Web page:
Dr. A said one day a woman came in complaining about being tracked. She was initially written off, since in his hospital wing mentally unfit patients are a dime a dozen, but they decided to give her an x-ray at the spot she said the “tracker” was located anyways. What they found left them speechless:

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“Embedded in the right side of her flank is a small metallic object only a little bit larger than a grain of rice,” Dr. A said. “But it’s there. It’s unequivocally there. She has a tracker in her. And no one was speaking for like five seconds — and in a busy ER, that’s saying something.”

It turned out the girl was being prostituted by her boyfriend who had implanted the device to keep track of her in case she ever ran away or disappeared.

These devices are becoming more common in sex trafficking, especially in the US where the money is far better.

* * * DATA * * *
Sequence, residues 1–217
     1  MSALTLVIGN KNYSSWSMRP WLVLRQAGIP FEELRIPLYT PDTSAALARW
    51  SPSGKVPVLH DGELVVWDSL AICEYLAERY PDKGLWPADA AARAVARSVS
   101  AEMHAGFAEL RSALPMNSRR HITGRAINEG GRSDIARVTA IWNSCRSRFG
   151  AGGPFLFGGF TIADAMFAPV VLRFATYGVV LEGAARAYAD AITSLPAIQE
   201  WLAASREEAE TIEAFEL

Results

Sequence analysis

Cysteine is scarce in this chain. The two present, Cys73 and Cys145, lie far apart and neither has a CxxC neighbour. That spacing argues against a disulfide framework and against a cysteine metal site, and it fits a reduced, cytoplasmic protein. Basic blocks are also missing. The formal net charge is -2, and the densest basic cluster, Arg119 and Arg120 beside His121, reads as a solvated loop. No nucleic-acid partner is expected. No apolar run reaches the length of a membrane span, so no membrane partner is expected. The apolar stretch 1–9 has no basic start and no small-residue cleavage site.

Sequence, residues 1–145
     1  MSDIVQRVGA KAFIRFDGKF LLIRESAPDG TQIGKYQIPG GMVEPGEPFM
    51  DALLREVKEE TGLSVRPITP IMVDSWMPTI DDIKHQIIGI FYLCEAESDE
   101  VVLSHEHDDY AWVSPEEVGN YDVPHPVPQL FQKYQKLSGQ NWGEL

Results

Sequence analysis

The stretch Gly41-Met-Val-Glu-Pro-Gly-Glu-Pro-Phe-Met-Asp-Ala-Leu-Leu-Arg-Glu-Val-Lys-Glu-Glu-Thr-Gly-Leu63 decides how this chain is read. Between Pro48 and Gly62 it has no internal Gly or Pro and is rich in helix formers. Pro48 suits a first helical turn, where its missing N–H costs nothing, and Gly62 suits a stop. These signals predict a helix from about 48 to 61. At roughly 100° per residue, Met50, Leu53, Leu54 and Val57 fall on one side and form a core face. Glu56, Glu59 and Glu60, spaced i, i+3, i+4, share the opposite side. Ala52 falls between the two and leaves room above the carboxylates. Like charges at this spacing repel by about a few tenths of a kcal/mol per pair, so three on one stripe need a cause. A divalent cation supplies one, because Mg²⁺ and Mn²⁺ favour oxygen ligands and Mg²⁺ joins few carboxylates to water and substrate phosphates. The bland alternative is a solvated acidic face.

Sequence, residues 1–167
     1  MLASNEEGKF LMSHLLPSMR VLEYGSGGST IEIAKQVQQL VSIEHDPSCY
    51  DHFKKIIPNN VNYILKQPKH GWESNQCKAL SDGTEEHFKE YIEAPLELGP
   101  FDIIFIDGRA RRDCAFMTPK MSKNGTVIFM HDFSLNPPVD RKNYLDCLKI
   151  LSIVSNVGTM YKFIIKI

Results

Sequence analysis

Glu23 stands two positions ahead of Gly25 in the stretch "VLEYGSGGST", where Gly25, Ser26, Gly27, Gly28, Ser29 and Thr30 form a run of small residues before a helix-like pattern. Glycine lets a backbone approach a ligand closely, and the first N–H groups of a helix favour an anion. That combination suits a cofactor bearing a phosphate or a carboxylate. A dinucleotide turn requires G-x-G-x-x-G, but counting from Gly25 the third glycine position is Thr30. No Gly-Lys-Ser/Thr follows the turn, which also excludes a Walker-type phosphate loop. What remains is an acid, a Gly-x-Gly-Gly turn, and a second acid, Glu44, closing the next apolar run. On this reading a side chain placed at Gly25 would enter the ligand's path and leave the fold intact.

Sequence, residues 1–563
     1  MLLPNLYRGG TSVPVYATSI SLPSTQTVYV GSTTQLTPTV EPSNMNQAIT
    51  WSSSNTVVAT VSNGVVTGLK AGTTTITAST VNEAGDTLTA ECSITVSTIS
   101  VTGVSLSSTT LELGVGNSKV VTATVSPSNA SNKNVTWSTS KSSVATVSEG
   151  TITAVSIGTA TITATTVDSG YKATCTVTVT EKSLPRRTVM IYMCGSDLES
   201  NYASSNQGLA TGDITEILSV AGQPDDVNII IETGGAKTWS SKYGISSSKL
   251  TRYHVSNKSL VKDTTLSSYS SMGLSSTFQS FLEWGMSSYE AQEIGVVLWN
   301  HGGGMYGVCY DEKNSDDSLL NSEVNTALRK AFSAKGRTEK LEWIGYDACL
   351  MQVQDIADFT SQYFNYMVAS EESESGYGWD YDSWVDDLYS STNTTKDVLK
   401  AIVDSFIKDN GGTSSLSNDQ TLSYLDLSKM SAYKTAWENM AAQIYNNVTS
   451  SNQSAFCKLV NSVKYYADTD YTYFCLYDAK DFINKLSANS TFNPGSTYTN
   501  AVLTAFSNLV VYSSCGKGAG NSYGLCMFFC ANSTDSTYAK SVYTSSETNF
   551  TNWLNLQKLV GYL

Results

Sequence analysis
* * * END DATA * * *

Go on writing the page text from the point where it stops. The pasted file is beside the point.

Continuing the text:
News Foxes

 

 

 

 

 

 

 

South Koreans Kick Off Efforts to Clone Extinct Siberian Cave Lions

By: The Siberian Times reporter

Samples taken from cubs frozen in permafrost for at least 12,000 years.

Two infant prehistoric big cats – dating from Pleistocene times – were found in a ‘sensational’ discovery last year, as disclosed by The Siberian Times . The cubs were dug from their icy grave ‘complete with all their body parts: fur, ears, soft tissue and even whiskers’, said Dr. Albert Protopopov, head of the mammoth fauna studies department of the Yakutian Academy of Sciences.

Now cloning expert Hwang Woo-suk, a South Korean scientist who is already pioneering research work to bring the extinct woolly mammoth back to life, is in Yakutsk to obtain samples of one of the cave lion cubs. These laboratory pictures show skin and muscle tissue being extracted from the ancient creature “Dina’s” remains.